After this, M. Sakir Basak decided to apply to the Commission and gave several lawyers power of attorney to represent him concerning the alleged burning of Kayaballi village.
On August 30, 1995, M. Sakir Basak alleges that on his way home he was detained by four men who identified themselves as police and forced him into a car. He said that these individuals threatened, insulted, and beat him in an uninhabited area. According to a statement M. Sakir Basak gave to his lawyer, the police began to insult and hit him after they discovered the above mentioned power of attorney statement and a booklet titled, "What do you think of the Messiah?" They then hit him in the head with a gun and conducted a mock execution. According to Mr. Basak, they warned that, "This time the weapon is empty, but if you go on like this you won't be so lucky the next time." When he asked the men what his crime was, he was told, "How more can you be guilty: you go to church and by complaining against Turkey you commit treachery...We know where you're coming and going...go and withdraw your application from the attorneys."
The Case of "K.O."55
In 1992, the muhtar (head man) of a village in his early fifties, K.O., was detained by security forces and after several days of torture died. The villagers had been under pressure to become village guards, but the headman had consistently refused. The body was returned to the family with the explanation that the man had died of a sudden illness while in detention. When the family received the body, marks of torture were clearly visible. Other individuals who had been detained with K.O. reported that he had suffered severe torture. State authorities initially did little to investigate the death, so the family decided to apply to the Commission.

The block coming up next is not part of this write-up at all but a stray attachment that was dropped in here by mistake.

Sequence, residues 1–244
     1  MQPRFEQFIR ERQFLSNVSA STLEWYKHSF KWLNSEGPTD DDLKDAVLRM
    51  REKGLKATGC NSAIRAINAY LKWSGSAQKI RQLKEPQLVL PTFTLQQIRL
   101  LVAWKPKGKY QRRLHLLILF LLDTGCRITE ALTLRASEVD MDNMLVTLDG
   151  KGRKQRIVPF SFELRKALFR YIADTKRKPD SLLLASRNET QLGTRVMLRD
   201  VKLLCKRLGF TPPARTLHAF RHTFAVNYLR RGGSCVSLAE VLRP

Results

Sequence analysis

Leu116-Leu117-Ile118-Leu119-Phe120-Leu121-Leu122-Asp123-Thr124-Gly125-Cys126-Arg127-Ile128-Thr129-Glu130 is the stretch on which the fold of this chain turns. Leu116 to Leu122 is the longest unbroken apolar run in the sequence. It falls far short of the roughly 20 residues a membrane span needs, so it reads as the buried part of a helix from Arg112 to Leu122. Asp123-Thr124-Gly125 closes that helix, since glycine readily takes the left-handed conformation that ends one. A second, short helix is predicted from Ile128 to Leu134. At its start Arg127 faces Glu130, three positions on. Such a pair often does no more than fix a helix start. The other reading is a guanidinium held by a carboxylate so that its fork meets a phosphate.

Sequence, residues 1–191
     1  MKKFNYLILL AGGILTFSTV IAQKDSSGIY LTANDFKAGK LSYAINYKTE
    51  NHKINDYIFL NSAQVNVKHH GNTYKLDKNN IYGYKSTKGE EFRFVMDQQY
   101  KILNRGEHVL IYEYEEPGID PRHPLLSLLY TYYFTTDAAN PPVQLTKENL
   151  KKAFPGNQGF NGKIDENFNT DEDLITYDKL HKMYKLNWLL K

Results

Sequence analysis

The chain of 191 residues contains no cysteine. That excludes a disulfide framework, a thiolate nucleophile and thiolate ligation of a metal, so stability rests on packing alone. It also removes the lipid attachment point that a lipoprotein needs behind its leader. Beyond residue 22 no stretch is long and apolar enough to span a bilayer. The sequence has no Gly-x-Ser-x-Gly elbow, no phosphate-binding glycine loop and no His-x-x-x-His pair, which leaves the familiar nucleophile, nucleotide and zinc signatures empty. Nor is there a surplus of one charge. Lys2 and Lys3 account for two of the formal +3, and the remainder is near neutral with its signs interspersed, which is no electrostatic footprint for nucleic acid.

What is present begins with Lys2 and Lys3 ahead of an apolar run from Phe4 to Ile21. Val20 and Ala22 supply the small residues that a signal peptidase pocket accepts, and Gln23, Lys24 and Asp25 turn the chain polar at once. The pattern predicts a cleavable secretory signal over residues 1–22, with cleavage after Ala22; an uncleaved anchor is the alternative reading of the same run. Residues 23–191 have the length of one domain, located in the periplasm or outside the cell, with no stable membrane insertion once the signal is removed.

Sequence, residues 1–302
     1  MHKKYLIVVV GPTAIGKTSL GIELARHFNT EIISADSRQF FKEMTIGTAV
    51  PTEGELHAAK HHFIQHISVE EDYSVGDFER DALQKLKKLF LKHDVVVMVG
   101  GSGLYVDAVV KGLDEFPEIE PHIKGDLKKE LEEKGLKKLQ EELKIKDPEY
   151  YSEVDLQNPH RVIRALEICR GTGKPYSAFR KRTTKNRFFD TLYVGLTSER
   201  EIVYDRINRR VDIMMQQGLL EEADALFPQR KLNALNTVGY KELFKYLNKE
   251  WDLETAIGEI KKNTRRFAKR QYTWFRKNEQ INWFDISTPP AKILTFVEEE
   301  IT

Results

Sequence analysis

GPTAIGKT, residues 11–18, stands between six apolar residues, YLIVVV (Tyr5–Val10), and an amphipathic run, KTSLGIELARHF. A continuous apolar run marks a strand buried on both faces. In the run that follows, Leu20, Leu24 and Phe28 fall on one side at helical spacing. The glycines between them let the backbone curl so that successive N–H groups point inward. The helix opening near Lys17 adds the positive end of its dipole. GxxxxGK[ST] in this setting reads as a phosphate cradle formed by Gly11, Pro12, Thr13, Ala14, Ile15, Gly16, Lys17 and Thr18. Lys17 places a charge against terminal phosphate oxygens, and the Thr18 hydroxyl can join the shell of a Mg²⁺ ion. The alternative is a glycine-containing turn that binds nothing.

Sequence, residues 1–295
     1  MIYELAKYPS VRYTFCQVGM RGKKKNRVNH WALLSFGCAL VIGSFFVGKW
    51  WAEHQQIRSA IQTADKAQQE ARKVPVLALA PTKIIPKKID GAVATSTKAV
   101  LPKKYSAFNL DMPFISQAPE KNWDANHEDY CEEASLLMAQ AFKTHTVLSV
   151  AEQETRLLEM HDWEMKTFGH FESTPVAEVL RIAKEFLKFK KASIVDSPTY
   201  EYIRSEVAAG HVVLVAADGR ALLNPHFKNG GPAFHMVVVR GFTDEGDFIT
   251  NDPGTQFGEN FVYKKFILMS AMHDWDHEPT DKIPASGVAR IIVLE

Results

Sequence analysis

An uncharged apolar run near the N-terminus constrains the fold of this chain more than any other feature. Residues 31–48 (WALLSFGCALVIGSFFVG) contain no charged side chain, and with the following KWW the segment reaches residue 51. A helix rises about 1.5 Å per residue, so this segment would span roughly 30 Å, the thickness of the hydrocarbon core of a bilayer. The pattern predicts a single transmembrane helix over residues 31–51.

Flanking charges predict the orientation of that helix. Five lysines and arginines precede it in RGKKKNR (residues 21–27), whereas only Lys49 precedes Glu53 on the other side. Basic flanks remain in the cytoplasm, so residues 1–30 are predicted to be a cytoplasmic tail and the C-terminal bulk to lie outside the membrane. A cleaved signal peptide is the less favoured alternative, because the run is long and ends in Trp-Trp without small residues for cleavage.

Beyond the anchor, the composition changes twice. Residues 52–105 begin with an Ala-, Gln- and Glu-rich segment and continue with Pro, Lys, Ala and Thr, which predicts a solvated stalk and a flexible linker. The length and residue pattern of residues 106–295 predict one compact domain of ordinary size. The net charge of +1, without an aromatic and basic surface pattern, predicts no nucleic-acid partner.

Alleged Violation of Article 25
In 1994, the applicant to the Commission was called to a gendarme station in southeastern Turkey where he was asked to sign several papers he was told were connected with the case. Since the applicant is poorly educated, he later said he did not realize that he had signed a statement to the Commission asking them to withdraw his case. In the meantime the body of K.O. had been exhumed and sent to Adli Tip for a new autopsy.
In the summer of 1995, the applicant called a member of the Human Rights Association (HRA) familiar with the event to find out the progress of the applicant's petition to the Commission. The HRA member told the applicant that he had sent a letter to the commission asking it to withdraw the case, which came as a great surprise to the individual. He then related, however, the above story and realized that the papers he had signed in 1994 in the Gendarme station were to withdraw the case. The applicant stated that he had never intended to withdraw his case and wanted to reopen the petition.56
HARASSMENT OF LAWYERS AND PARALEGALS INVOLVED IN FILING PETITIONS TO THE EUROPEAN COMMISSION OF HUMAN RIGHTS
Lawyers in southeastern Turkey who file petitions with the Commission have been an object of a persistent pattern of harassment.57 In November and December 1993, for example, sixteen lawyers and six others were put on trial in Diyarbakir charged with membership in the PKK. The indictment stated that making petitions to theCommission was a sign of PKK membership.58 Much of this seems to be motivated by the fact that the government contends that some applications filed-especially from the southeast- abuse the right of petition on the grounds that they are filed for propaganda purposes for the PKK, rather than for a legitimate reason.59 In the cases cited, however, the Commission has clearly refuted that argument. In Akduvar and Others v. Turkey (Application Number 21893/93), which deals with allegations of a village burning by security forces, the Commission argued that,